- Lucy Ferriby-Stocks
Trump has proved that anyone can run for President
It is an understatement to say that celebrity involvement was an influence in the 2016 presidential election, so it is ultimately inevitable that it will play a key role in 2020. From televised support by Ellen DeGeneres to surprise pop up concerts in New York by Madonna, the Democrat candidate, Hillary Clinton, had her fair share of celebrity endorsement, even though in the end, this was not enough to surpass the celebrity Republican candidate, Donald Trump. However, this doesn’t necessarily mean it is good for political processes and democracy in the US, especially with some celebrities now looking towards the most powerful political position in the world.
November 3, 2020 is set to be the day of reckoning for the 2020 presidential election - there are many celebrities who are rumoured to want to run for the Oval Office and not just endorse a particular candidate, one example being ‘The Rock’. Dwayne Johnson attended both the Republican and Democratic conventions in 2000 as a part of a voter registration drive run by the WWE, however Business Insider claims that he is a registered Republican voter, with this potential bid for the presidency being his most recent political activity. When speaking to Rolling Stone magazine, Johnson doesn’t make an outright claim that he will run in 2020, but he does state that “what Trump has proved is that anybody can run for President”, potentially implying that this is an option open to many people, including celebrities like himself. However, he does make it clear he wants to “go to work and learn” as he recognises Presidential politics being “a skillset that requires years and years of experience” on local, state and national levels. History also shows that if he runs as a Republican candidate, the odds are not in his favour as no primary challenger has ever defeated an incumbent president of the same party.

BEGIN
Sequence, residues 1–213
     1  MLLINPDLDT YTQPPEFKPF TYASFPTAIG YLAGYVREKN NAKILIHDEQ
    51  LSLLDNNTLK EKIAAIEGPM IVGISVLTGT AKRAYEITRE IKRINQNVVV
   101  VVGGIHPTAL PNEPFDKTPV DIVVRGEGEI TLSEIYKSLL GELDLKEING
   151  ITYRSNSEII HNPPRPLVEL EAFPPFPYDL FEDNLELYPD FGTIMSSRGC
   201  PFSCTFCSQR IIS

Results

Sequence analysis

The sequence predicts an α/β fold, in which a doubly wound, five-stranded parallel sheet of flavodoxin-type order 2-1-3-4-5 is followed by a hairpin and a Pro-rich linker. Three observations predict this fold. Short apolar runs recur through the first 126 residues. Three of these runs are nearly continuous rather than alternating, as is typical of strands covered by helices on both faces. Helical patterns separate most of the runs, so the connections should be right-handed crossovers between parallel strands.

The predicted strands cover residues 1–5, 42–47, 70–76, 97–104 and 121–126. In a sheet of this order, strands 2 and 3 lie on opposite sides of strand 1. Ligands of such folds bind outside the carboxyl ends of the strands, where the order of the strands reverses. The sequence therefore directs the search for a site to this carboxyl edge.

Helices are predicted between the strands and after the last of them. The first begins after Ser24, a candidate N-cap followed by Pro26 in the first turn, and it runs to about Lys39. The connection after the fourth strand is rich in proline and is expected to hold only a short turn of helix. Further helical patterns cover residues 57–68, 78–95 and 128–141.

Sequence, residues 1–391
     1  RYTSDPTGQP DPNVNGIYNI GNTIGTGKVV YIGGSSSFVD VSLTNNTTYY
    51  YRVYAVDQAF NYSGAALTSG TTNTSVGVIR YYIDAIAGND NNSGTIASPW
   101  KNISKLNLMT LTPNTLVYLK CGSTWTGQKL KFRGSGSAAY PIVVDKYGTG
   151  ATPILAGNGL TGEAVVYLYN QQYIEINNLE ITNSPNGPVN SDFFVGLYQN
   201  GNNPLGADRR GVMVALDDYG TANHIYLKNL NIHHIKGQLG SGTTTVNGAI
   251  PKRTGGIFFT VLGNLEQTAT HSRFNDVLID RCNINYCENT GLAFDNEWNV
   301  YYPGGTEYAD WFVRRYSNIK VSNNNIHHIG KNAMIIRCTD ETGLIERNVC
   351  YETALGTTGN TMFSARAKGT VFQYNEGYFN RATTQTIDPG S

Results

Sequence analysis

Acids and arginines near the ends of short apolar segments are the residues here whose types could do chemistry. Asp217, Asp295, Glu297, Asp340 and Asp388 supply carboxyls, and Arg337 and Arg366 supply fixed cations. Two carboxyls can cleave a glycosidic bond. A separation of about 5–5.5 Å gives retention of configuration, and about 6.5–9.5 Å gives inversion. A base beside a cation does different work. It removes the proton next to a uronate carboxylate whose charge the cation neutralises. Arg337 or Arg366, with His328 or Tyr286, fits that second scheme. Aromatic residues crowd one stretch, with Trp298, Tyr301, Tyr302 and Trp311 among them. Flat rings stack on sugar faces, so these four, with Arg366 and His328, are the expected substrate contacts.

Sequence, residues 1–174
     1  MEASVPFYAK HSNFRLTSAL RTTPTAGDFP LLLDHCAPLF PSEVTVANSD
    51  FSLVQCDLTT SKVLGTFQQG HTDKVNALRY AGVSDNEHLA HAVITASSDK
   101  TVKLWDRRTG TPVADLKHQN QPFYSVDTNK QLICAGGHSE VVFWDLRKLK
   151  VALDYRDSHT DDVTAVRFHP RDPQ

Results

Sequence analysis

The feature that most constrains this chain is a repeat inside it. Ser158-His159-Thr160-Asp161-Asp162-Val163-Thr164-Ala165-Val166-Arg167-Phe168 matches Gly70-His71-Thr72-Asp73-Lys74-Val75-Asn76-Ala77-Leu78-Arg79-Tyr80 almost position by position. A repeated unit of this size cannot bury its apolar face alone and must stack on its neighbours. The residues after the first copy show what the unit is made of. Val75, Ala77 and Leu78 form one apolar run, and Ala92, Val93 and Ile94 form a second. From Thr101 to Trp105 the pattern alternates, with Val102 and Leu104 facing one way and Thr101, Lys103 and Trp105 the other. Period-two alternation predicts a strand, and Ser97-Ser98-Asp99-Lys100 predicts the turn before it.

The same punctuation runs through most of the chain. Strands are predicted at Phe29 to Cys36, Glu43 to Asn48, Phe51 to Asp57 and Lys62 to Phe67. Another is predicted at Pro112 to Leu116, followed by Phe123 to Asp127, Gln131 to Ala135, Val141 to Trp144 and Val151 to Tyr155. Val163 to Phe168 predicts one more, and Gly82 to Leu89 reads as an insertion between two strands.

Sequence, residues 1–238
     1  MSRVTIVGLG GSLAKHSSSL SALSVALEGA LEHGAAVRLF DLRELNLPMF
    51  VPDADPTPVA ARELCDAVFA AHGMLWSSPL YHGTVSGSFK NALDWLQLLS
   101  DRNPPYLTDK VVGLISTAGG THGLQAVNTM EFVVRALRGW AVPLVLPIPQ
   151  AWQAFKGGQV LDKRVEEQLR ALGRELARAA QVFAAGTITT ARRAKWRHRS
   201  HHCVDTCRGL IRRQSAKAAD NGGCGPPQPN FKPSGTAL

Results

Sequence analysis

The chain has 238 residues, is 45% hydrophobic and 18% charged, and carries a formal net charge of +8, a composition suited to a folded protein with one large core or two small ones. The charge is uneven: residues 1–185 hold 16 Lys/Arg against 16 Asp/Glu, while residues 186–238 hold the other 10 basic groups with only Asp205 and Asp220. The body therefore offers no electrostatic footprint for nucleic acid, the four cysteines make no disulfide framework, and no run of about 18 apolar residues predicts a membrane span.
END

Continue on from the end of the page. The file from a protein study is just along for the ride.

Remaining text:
On the other side of the politics, there have been a few celebrity Democrat candidates rumoured to want to move to the fore in 2020. A prominent example is Oprah Winfrey who, after her Golden Globes speech on January 8, 2018, faced a surge in support for her to run for the Oval Office. She has previously supported Barack Obama and Hillary Clinton but proclaimed she has “never considered the question even a possibility”, when talking to David Rubenstein on Bloomberg Television. Whilst her support base is strong, it is incredibly unlikely that her election would be successful; there is yet to be a female president of the US let alone a woman of colour, and like Dwayne Johnson, she faces disadvantages in terms of knowledge and prior experience in politics.
However, regardless of speculations about the potential success of future celebrity presidential candidates, there are questions concerning what this means for American politics. Celebrity involvement is more palatable than running for political office; once the election is over, the celebrities are generally forgotten, and trained individuals can move forward with running the country. However, with some seeking high office, there is a chance that knowledge, experience and wisdom from ‘trained’ politicians will be undermined by novices. Therefore, candidates like Kamala Harris and Cory Booker who could be running for the Democrats in 2020 will have the significance of their experience diminished almost instantly. They will be usurped by someone with a well-known face and a lot of money which, helps to fund their campaigns.
Many argue that allowing this type of celebrity involvement makes democracy more accessible to everyone and it encourages participation. However, surely this will do the opposite. We are growing up in an age of social media, and celebrities are taking full advantage of this. Yes, it may involve younger generations in the political process, but many of these will be under the voting age of eighteen, so they are unable to participate. Instead, it may mean traditional voters are disenfranchised as they are unable to connect with candidates.
Ultimately, having celebrities elected to the Oval Office cheapens democracy as it makes it evident that if you have money, you can run for President - the greatest political position in the world. However, no matter speculation about who or the potential effects, this is a clearly an issue which will come to the fore as we head towards 2020.